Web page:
Thank God, the angels at the empty tomb were not like my colleague Steve. When Steve says, "Don’t you remember how I told you?" he’s exasperated, because I’m wasting his time. But the angels say, "Remember how He told you?" and the phrase holds out comfort, compassion, and new hope.

Of course the women hurry and tell the rest of the disciples. Jesus has risen again, just like He said He would! But the good news of Christ’s resurrection is still gibberish to the others. Luke says, "They did not believe the women, because their words seemed to them like nonsense."

We’d be the same in their place. Think how shocked and frightened they were. What a pall of despair must’ve oppressed them in that room! Think-- no, feel the misery those men and women had! Their Lord had been crucified. Their hope and the hope of Israel and all the world had been lacerated and hung on a Tree! If you’d felt like that, the Good News that first Resurrection Day wouldn’t have been good news, it would’ve been meaningless noise.

And I’d say Peter felt most desperate and miserable of them all. Not only was Jesus dead, but the last time Peter saw Him, he’d sworn up and down that Jesus wasn’t even somebody he knew!

Peter’s very desperation drives him to the tomb to see for himself. But he comes, he looks, and he goes away. All Peter can do is wonder to himself what has happened.

And there our reading ends.

But we know what had happened! Jesus was raised from the dead, and we give testimony to that this Easter Sunday and every Sunday of the week! The very fact that we are gathered here to worship Him is proof of the fact that the tomb of Jesus was empty and stays that way to all eternity.

But you and I, like the women, like the other disciples, like Peter, we all go through times when the resurrection of Christ seems to have no meaning for us. Times of trouble and grief, when our feelings overwhelm us and the words of preachers like me seem like empty sounds.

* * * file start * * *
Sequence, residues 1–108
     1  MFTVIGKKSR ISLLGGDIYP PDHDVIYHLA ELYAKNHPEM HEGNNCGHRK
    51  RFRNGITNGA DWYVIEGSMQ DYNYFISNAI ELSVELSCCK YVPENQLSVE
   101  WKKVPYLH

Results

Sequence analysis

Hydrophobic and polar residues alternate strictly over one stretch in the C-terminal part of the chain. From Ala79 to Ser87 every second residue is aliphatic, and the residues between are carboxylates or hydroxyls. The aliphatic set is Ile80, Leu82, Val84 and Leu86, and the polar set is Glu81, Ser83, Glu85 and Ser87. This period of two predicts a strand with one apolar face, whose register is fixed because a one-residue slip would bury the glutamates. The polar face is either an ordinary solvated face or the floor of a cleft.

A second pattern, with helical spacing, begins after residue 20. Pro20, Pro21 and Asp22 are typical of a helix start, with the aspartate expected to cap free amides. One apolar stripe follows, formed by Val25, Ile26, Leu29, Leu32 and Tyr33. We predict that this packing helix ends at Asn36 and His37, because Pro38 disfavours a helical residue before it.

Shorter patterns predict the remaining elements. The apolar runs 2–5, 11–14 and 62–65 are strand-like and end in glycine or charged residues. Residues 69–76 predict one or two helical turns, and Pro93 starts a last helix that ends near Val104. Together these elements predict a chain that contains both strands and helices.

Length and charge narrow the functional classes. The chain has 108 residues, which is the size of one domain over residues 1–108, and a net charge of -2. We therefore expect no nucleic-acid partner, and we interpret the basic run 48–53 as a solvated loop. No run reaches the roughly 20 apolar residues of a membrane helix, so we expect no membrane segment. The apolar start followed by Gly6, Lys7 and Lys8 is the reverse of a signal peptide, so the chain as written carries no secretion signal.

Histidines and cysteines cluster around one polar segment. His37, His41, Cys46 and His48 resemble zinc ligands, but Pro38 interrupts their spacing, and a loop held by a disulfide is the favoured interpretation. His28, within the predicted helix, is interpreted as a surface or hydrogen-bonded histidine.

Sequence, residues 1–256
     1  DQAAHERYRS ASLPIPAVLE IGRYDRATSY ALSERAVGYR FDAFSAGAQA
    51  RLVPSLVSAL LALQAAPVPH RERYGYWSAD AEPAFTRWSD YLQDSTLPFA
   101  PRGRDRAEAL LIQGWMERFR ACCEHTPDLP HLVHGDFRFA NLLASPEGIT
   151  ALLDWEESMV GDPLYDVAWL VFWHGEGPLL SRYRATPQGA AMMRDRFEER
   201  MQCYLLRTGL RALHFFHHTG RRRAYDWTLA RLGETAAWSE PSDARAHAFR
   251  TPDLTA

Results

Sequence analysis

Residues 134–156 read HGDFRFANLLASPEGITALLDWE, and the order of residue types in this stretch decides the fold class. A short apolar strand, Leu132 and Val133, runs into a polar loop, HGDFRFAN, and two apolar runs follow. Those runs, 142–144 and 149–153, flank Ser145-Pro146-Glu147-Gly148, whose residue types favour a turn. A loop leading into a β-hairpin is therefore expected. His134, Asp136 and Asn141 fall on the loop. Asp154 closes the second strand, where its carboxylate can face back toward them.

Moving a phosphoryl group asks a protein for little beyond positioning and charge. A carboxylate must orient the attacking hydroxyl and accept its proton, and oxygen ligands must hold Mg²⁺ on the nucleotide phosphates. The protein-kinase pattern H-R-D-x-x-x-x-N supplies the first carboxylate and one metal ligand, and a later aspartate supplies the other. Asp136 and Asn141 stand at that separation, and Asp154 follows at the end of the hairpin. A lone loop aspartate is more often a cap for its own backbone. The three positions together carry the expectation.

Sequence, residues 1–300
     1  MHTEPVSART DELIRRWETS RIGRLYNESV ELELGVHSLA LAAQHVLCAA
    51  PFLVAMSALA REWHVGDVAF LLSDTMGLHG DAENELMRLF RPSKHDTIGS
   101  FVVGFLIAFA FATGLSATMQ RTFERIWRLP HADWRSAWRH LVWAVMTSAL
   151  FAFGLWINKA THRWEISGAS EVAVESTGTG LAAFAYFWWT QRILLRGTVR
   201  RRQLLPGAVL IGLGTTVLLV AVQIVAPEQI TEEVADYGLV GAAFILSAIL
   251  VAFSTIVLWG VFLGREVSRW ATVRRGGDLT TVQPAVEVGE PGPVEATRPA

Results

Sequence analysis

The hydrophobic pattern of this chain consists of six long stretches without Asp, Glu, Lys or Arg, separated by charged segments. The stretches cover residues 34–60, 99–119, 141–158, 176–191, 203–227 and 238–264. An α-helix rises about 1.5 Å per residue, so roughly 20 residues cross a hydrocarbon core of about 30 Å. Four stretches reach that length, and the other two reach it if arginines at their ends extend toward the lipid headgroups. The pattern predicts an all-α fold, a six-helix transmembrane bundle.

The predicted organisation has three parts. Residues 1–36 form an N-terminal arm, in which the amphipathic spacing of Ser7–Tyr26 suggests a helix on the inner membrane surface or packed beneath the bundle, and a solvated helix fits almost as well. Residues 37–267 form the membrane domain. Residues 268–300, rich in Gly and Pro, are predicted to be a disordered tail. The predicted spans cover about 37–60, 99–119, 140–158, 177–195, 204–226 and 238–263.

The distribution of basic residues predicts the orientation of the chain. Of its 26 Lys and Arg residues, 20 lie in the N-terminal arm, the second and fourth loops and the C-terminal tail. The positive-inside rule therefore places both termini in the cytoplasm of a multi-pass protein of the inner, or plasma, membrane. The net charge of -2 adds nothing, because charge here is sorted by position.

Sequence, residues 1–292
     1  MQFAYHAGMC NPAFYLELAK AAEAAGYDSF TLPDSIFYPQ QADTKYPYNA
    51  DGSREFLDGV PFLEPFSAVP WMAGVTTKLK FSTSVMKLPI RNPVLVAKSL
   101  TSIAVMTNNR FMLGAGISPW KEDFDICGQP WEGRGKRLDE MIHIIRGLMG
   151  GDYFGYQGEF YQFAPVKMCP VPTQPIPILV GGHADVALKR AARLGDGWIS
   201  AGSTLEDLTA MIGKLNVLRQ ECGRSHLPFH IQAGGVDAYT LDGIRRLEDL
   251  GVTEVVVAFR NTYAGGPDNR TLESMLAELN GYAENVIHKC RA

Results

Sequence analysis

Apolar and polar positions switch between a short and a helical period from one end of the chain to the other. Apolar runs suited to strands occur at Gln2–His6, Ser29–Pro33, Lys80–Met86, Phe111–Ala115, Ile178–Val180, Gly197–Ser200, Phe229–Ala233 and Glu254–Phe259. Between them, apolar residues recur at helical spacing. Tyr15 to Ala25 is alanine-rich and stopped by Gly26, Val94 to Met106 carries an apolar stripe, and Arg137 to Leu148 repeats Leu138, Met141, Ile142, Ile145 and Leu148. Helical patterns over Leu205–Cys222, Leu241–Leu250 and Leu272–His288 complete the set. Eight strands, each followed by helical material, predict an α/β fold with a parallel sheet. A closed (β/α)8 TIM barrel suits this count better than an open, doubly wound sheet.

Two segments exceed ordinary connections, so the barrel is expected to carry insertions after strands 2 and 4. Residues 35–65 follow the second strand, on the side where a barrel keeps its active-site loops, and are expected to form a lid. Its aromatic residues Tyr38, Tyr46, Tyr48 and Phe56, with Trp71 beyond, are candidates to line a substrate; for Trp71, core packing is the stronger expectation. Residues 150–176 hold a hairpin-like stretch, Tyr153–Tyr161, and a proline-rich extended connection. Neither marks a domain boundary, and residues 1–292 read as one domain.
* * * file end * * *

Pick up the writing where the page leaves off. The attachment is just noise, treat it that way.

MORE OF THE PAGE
That’s why it’s dangerous to try to prove Christ is risen by what we feel in our hearts. Our hearts are fickle and tell us all sorts of lies. No, believe His word, for it is constant and true.

Believe His Holy Spirit, who helps you understand what the Bible says. Read it, hear it, and, remember how He said-- He would be raised again. We know Jesus lives because the Holy Spirit speaking through the Scriptures tell us so, and from start to finish the Scriptures give glory to Him.

Jesus is risen, whether we feel He is or not. Jesus is risen, despite the claims of false religion and false science. Jesus’ word is faithful and true, He is alive even now, and we never need to give in to confusion and despair again.

So rejoice on this morning and every morning! Remember always what Jesus your Lord told you: He died for you, He is risen for you, and that is the plain, meaningful, and wonderful truth.
All praise to you, Lord Christ! Alleluia, amen!

[Preached at the sunrise service, the Feast of the Resurrection, A. D. 2007]